Poorer patients living in affluent areas are the most likely to miss GP appointments, a study suggests.
Researchers who conducted an anonymous survey of more than 500,000 patients in Scotland found that nearly a fifth failed to keep an appointment on more than two occasions over a three year period.
Almost half (46%) of patients were responsible for at least one "no show" per year.
The study found a strong link between socio-economic deprivation and an increased tendency to miss GP appointments.
Lead author Dr Andrea Williamson, from the University of Glasgow, said: "These first results about the profiles of patients who struggle to attend GP appointments support clinical intelligence that patients who serially miss, have high levels of social and health vulnerability.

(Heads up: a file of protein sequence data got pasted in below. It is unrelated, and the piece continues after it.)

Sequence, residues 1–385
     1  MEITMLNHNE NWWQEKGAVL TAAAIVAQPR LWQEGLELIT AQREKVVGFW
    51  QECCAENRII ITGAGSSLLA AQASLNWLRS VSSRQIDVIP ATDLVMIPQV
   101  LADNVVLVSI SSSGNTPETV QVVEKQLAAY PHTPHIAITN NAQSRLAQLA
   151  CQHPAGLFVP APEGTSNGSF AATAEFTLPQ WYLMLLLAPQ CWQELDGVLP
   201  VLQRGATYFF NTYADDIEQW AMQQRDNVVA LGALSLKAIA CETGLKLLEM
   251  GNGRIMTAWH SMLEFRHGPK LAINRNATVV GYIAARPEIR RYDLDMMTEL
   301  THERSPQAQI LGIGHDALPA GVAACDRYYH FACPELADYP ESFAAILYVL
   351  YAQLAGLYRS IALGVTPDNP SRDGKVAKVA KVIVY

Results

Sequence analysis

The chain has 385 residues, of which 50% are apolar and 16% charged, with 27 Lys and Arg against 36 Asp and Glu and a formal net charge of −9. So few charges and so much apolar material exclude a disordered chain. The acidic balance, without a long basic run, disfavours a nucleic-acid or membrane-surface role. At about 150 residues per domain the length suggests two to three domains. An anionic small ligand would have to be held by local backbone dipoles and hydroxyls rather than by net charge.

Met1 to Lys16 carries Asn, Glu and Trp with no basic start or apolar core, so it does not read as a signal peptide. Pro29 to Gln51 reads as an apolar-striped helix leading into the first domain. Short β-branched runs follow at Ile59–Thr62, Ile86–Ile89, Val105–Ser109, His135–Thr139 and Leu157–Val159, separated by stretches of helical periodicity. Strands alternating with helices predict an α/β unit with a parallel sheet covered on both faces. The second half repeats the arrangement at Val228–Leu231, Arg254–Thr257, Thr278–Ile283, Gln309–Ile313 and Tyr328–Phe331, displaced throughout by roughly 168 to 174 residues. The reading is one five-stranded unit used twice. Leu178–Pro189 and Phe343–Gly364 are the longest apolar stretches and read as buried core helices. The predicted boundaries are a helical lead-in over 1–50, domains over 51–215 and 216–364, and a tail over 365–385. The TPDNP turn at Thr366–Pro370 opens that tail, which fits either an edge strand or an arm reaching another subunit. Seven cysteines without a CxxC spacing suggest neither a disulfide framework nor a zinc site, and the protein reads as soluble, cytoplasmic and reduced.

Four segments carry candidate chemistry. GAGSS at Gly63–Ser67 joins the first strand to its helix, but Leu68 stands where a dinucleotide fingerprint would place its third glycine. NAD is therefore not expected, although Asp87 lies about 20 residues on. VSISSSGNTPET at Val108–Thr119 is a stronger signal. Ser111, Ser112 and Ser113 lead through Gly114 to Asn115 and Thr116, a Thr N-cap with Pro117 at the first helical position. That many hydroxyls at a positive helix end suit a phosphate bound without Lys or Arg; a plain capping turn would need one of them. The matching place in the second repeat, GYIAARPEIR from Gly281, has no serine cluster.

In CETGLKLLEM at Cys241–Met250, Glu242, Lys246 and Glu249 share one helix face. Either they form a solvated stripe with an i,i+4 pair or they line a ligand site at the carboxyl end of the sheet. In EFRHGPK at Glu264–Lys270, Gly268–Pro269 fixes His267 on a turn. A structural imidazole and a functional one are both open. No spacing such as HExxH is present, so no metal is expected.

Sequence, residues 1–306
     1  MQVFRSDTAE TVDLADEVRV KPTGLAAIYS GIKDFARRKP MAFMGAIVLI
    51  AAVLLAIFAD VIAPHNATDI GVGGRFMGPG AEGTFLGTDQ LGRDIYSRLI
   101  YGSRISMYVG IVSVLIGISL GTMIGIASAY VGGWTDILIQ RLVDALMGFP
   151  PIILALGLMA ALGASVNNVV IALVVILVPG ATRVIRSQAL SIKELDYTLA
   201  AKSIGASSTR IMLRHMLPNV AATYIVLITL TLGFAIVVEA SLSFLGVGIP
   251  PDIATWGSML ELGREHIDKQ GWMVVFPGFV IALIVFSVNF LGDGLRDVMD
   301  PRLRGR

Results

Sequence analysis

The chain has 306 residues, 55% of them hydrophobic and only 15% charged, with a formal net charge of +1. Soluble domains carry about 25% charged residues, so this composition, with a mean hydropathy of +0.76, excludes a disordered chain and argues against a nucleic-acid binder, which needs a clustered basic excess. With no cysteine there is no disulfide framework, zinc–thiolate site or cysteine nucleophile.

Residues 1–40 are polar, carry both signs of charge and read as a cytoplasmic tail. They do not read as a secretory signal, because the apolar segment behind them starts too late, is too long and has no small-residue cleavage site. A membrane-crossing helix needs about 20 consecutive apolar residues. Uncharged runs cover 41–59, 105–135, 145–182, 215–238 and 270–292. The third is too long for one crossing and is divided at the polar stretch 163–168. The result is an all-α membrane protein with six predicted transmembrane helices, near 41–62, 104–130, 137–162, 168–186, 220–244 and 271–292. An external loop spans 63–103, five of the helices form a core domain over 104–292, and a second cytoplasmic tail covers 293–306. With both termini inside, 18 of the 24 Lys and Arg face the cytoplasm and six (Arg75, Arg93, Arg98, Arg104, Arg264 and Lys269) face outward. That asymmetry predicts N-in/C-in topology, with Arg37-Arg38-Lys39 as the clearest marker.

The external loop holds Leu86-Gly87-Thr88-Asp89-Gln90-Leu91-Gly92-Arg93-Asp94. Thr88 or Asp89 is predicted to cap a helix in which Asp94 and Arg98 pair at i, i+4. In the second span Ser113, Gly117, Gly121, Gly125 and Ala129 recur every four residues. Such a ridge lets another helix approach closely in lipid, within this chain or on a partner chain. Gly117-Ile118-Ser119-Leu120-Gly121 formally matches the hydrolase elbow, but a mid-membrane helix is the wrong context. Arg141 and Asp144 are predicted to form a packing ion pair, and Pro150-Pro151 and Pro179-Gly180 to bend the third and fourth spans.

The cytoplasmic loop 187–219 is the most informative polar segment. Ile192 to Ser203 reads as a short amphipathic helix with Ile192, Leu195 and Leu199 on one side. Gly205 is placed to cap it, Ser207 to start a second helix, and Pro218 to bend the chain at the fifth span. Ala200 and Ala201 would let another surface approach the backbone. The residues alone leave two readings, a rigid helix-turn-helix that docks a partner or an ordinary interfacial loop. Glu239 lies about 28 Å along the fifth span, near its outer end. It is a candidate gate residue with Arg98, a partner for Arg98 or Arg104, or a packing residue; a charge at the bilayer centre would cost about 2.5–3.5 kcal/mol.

"Our work in this study is based on the theory that serial missed appointments are 'health harming behaviours' - complex behaviours that have their roots in experienced adversity.
"From our findings it would suggest that future ways to increase attendance should focus on positive strategies to support patients' attendance."
The study, published in the journal The Lancet Public Health, revealed that "no-showers" tended to be aged 16 to 30, or older than 90.
But while age played a role, social and economic factors were more important, said the researchers.
Co-author Dr Ross McQueenie, from the University of Glasgow, said: "Our results suggest that socio-economically deprived patients living in more affluent areas might have particularly high levels of unmet health need in primary care settings."
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